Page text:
REVIEW DATE: 23 Jan 2008
Buyers who really want their Volkswagen Touareg in mean and moody mode had better specify Altitude trim. Steve Walker reports.
It's called the Altitude but, if the Volkswagen marketing department are listening, the Attitude may have been more appropriate. Certainly, the price is fairly lofty at around £2,800 over and above the mid-range SE Touareg models but this collection of cosmetic enhancements adds a bold, aggressive edge to the vehicle that should appeal strongly to a certain section of the market.
The Touareg has never been the most in-your-face of the big 4x4s. Look at the imposing slab-like front end architecture of a Range Rover or the squirrel swallowing air-intakes on the Porsche Cayenne and you'll probably concur. Volkswagen's offering has always appeared a little more reserved, more family-friendly, more Volkswagen than its ostentatious rivals. With the Altitude, this changes to a certain extent. Buyers who like to keep a low profile in their £40,000 SUV won't be interested but those after a leather-clad, four-wheel-drive status symbol should be falling over themselves to apply. Only the VW branding should prevent it rivalling the likes of BMW's X5 and the Audi Q7 in the visual impact stakes.
The Altitude package includes a styling kit that features aggressive front and rear bumpers, spoilers and side skirts. Visually, this ensemble lowers the vehicle down to hug the tarmac with a more purposeful stance. It slashes ground clearance and so will seriously hinder offroad performance while increasing the Touareg's urban wow-factor by a corresponding amount. At the back, the bumper is punctuated by twin stainless steel exhaust tailpipes and the snarling wheelarches are filled to capacity by 19" Siena alloys. Go for the mighty V10 TDI diesel offering and those 19" rims are replaced with humongous 20" Casablanca versions. These have been specially designed to ensure that everyone is looking at you.Kid.
".this is one imperious-looking 4x4. "
Heavily tinted, heat insulating glass from the B pillar backwards completes the Altitude effect. It all tallies well with the latest Touareg styling revisions including the Volkswagen H-shaped front grille and the revised rear light clusters. The pack is only available in selected paint colours but you can specify it with any of the Touareg's engine options. This puts prices in the £36,080 to £58,000 bracket, so they ain't cheap but this is one imperious-looking 4x4.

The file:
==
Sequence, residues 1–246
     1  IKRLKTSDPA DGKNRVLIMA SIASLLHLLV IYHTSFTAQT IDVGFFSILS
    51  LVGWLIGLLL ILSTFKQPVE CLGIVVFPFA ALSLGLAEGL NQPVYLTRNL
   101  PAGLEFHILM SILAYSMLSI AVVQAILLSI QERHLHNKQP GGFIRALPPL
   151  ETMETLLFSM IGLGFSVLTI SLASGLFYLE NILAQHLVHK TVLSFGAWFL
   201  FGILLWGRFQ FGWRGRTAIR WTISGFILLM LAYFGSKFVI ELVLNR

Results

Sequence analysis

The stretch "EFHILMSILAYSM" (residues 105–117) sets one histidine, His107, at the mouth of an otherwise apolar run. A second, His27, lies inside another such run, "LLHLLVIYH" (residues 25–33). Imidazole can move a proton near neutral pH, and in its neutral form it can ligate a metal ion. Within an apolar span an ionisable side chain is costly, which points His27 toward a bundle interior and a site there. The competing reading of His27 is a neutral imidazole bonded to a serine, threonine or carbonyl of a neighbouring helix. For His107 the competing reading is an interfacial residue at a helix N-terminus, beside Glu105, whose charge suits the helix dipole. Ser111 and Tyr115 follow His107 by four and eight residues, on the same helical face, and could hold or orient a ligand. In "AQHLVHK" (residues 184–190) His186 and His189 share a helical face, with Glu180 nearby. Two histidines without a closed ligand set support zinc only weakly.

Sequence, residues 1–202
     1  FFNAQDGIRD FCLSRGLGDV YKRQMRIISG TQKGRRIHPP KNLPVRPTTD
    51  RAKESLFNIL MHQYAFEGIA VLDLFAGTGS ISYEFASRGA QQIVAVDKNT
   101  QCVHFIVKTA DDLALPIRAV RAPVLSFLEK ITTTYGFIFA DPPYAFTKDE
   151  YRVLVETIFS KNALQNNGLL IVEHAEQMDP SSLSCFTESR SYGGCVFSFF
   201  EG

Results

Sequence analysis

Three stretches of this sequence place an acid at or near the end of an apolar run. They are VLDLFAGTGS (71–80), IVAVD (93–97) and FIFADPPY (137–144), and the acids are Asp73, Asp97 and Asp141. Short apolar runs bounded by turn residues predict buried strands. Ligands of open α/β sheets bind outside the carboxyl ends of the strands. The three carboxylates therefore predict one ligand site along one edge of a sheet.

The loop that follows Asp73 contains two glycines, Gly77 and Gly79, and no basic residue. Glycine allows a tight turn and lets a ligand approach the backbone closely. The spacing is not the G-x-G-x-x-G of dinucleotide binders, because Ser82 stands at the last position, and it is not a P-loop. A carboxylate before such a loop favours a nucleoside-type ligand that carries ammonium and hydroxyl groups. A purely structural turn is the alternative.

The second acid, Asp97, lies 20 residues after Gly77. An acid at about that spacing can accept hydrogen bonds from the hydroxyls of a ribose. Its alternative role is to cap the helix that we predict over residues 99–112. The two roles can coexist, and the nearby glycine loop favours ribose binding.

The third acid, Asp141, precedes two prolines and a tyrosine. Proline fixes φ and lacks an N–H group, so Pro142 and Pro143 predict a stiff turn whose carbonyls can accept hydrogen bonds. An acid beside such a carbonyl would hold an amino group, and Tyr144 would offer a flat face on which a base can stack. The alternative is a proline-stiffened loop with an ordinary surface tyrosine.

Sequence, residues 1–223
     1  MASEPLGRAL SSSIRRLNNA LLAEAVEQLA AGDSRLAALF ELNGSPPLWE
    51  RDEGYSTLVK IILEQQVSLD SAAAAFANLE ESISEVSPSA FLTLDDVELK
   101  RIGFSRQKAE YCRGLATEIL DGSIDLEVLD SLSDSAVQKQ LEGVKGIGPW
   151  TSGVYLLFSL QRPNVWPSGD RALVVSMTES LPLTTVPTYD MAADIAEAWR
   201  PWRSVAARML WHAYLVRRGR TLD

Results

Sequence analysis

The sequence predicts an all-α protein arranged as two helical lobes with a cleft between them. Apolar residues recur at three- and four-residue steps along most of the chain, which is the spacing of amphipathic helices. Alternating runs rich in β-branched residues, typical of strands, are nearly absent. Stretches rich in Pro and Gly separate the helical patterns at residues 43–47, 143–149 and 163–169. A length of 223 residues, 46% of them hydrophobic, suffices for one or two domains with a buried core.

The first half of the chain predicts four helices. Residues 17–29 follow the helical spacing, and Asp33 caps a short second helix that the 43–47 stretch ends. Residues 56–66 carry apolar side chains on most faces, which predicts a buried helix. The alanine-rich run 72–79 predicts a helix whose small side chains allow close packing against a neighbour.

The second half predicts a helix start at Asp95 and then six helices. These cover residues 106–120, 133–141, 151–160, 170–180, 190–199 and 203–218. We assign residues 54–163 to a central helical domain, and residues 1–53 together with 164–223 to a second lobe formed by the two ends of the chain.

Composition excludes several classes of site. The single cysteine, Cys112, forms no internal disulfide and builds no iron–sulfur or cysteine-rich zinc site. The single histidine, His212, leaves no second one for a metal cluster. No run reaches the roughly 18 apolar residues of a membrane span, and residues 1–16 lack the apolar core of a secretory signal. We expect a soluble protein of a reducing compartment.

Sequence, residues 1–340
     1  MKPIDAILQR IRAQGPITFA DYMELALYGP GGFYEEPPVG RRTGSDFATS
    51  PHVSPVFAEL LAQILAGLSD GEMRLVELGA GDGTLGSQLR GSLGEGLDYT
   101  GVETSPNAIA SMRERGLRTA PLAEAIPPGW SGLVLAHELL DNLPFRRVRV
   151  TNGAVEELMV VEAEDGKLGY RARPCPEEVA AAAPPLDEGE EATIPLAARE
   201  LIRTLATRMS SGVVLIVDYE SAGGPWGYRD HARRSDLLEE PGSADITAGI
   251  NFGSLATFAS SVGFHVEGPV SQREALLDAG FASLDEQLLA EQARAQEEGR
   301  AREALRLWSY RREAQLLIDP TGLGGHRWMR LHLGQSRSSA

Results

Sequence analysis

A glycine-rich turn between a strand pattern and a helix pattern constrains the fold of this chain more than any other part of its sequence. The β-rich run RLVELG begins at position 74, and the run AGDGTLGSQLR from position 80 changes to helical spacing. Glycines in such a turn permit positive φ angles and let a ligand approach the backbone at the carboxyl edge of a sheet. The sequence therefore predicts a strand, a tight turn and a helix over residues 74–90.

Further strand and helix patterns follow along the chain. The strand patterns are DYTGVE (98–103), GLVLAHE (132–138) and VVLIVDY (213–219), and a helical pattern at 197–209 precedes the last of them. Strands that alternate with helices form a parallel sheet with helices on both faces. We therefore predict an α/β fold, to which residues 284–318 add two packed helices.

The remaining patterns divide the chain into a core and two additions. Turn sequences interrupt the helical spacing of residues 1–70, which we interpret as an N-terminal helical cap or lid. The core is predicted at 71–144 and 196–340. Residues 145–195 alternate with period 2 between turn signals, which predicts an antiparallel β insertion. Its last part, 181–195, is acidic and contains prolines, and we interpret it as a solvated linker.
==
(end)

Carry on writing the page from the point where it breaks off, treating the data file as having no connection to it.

There's just one petrol engine in the Touareg Altitude range, the 3.6-litre V6 FSI unit. Developing 280bhp, this is a little more socially-acceptable than the hulking great V8 that was offered earlier on in the Touareg's life, it also generates far lower emissions and drinks a good deal less fuel. You can expect to average over 20mpg and the 0-60mph sprint is timed at 8.7s. Not a bad showing.
From the moment it came on the scene, it has always been the Touareg's top diesel engine that makes headlines. No, scrub that, perhaps this diesel should be called The Diesel Engine. It's a monster. The 313bhp 5.0-litre V10 TDI turbodiesel offered in the Altitude generates 542lb/ft of torque. What does that mean in the real world? A V8 turbodiesel Range Rover develops 472lb/ft, whilst a diesel BMW X5 manages 369. Pitiful! Lamborghini Murcielago - a limp wristed 479lb/ft. A Ferrari Enzo hawks up 484lb/ft. The Touareg V10 TDI is a true leviathan amongst cars. If half a leviathan is more than enough, Volkswagen also offer a 2.5-litre TDI engine in the Touareg that's effectively one half of the mighty V10 diesel unit and comes with a manual transmission as standard. Apart from that, there's a more modern 3.0-litre TDI diesel. This engine seems like a happy compromise between the two other oil-burners, it has 223bhp and 369lb/ft of torque.
On the road, the Touareg can't quite better the class-leading BMW X5. It comes close, though, and is a little tauter than a Range Rover and a touch keener than a Mercedes M-class. The Volkswagen has slightly more lateral roll in corners and there's that bit more side to side 'wobbly head syndrome' that BMW has worked so hard to exorcise. The V10 TDI is monstrously muscular, despatching the sprint to 60mph in 7.6 seconds yet will return an average of 23mpg - a decent return for a car that tips the scales at around 2,500kg. The V6 and V8 petrol models are both respectably quick although neither can match the diesel's punch or parsimony.
It's off road that the Touareg plays its trump card, especially when equipped with air suspension. Permanent four wheel drive and a low ratio gearbox are taken for granted, but factor in selectable front and rear differential locks, hill start and descent assist and very short front and rear overhangs and the Touareg becomes an awesomely capable tool. There's also ABSPlus, a system which can cut braking distances by as much as 20 per cent on muddy surfaces. With low range engaged, the Touareg can drag itself up a 45-degree slope with 35 degrees of sideways lean. The V10's torque is always a bonus, but the light weight of the V6 engines makes them particularly nimble on downhill stretches.
Luxury 4x4 buying decisions tend to be heavily influenced by the prestige attached to the badge on the front of the car. Volkswagen have a first rate product in the Touareg but, with the best will in the world, it's going to struggle against the Porsche, Audi, BMW, Mercedes and Range Rover offerings, purely on grounds of perceived cachet. While it can't miraculously reinvent the VW brand image, the Altitude trim helps by beefing up the Touareg's visual impact substantially. Cruise through the city streets in a V10 TDI Touareg Altitude and you can rest assured that it's going to be just about the meanest-looking thing out there.
|For TOUAREG ALTITUDE RANGE|
|OVERALL||7.5 OUT OF 10|
|Space / Versatility||9|